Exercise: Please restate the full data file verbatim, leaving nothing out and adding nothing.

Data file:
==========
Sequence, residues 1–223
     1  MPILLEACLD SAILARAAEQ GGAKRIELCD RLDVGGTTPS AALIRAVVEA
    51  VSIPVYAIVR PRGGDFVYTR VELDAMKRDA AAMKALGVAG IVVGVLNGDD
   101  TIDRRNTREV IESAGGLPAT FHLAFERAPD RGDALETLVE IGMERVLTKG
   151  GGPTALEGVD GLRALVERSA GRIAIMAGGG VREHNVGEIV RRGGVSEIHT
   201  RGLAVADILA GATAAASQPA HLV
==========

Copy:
Sequence, residues 1–223
     1  MPILLEACLD SAILARAAEQ GGAKRIELCD RLDVGGTTPS AALIRAVVEA
    51  VSIPVYAIVR PRGGDFVYTR VELDAMKRDA AAMKALGVAG IVVGVLNGDD
   101  TIDRRNTREV IESAGGLPAT FHLAFERAPD RGDALETLVE IGMERVLTKG
   151  GGPTALEGVD GLRALVERSA GRIAIMAGGG VREHNVGEIV RRGGVSEIHT
   201  RGLAVADILA GATAAASQPA HLV